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http://dx.doi.org/10.1016/j.ijpp.2013.09.006DOI Listing
December 2013

Allometry of head and body size in Holocene foragers of the South African Cape.

Am J Phys Anthropol 2012 Mar 27;147(3):462-71. Epub 2012 Jan 27.

Department of Anthropology, University of Victoria, Victoria, Canada V8W 3P5.

Opportunities to assess morphological allometry in small-bodied human populations are rare. The foragers of the Later Stone Age of the South African Cape are characteristically small-bodied. Previous studies have shown that during the period of ca. 3500 to 2000 years BP (uncalibrated (14) C dates), the regional population shows transient reduced stature, body mass, and cranial size, a pattern that has been tentatively tied to demographic pressure on resources. This study examines the relationships among cranial size (centroid size) and body size (femoral length, femoral head diameter, and bi-iliac breadth) during the second half of the Holocene (N = 62). Reduced major axis regression indicates negative allometry of cranial centroid size with body size. Residuals (from ordinary least squares regression of cranial centroid size on body size) are regressed on radiocarbon date to examine temporal changes in the relationship between cranial and body size. Cranial and pelvic sizes are most conserved through time, while more ancient skeletons possess shorter femora and smaller femoral heads. The relationship between cranial centroid size and femoral length shows larger and more variable residuals at more recent dates, indicating a greater or more variable disassociation between cranial size and stature relative to more ancient skeletons. A similar, but nonsignificant relationship exists between cranial size and bi-iliac breadth. These results provide insights into the use of aspects of body size and proportionality in the assessment of health in past populations.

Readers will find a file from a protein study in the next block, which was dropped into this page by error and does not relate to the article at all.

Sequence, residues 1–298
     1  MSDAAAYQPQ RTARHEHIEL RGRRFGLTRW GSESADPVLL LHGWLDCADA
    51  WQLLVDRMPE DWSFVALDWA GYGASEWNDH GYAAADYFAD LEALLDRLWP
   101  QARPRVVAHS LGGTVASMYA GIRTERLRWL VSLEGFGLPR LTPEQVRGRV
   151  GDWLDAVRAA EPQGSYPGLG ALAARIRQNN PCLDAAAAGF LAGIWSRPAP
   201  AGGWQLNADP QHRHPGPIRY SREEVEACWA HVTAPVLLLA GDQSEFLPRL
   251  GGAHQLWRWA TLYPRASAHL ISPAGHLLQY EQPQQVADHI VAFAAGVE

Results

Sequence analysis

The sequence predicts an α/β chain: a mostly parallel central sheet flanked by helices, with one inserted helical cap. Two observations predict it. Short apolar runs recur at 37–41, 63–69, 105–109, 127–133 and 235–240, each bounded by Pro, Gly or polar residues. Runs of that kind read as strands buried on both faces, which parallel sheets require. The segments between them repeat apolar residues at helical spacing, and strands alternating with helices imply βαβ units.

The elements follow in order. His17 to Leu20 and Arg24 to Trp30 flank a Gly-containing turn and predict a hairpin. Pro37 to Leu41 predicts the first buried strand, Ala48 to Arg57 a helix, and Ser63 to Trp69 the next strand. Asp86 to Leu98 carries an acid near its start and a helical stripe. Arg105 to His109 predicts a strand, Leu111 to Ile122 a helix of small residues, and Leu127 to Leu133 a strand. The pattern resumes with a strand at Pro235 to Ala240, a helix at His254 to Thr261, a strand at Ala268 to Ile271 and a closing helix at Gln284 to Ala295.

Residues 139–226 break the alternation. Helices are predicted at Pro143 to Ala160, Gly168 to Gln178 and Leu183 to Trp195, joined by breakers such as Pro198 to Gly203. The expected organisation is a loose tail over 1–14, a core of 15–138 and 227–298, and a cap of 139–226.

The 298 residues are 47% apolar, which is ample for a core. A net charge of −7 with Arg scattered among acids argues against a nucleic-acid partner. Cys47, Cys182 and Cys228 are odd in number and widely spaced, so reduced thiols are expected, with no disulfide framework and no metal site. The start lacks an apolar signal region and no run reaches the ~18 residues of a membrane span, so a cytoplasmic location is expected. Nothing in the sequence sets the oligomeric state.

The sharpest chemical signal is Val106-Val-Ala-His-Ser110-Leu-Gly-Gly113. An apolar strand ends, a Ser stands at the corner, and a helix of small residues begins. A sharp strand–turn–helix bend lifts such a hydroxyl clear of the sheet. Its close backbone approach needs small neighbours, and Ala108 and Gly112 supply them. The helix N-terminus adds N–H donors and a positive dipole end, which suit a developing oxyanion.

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http://dx.doi.org/10.1002/ajpa.22024DOI Listing
March 2012

Cortical bone mass and geometry: age, sex, and intraskeletal variation in nineteenth-century Euro-Canadians.

Am J Hum Biol 2011 Jul-Aug;23(4):534-45. Epub 2011 May 20.

Department of Anthropology, University of Toronto, Ontario, Canada.

Objectives: This study seeks to understand the interaction of cortical bone strength and mass within individuals and across age-groups in male and female adults from a relatively active, long-lived nineteenth-century Euro-Canadian population.

Methods: Strength and relative cortical area are measured in paired femora (weight-bearing elements) and metacarpals (manipulative elements) from 139 adults (M = 82; F = 52). Sex and age patterns are tested using linear multiple regression and analysis of covariance. Intra-individual divergence between femora and metacarpals is quantified using the Pearson residual from regression of femur on metacarpal values. Association of residuals with age is tested with curve estimation, factorial analysis of variance and X(2) tests.

Results: Strength is maintained but cortical mass declines with age. In females, the slope of cortical mass against age is steeper in the metacarpal than in the femur. However, the degree of divergence between femur and metacarpal within individuals does not increase clearly with age.

Conclusions: Age change in bone strength is systemically controlled and homeostatic, but change in bone mass may vary with limb-specific mechanical environment, particularly in females. However, the distribution of within-individual divergence between femur and metacarpal values suggests that idiosyncratic factors, rather than age, have the strongest influence on intraskeletal divergence. Attempts to reconstruct skeletal ageing in past populations may benefit from an approach that models whole-bone integrity, rather than bone mass alone, and that represents age-related variation in both weight-bearing and nonweight-bearing sites.
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http://dx.doi.org/10.1002/ajhb.21185DOI Listing
October 2011

A possible new syndrome with growth-hormone secreting pituitary adenoma, colonic polyposis, lipomatosis, lentigines and renal carcinoma in association with familial testicular germ cell malignancy: A case report.

J Med Case Rep 2007 Mar 28;1. Epub 2007 Mar 28.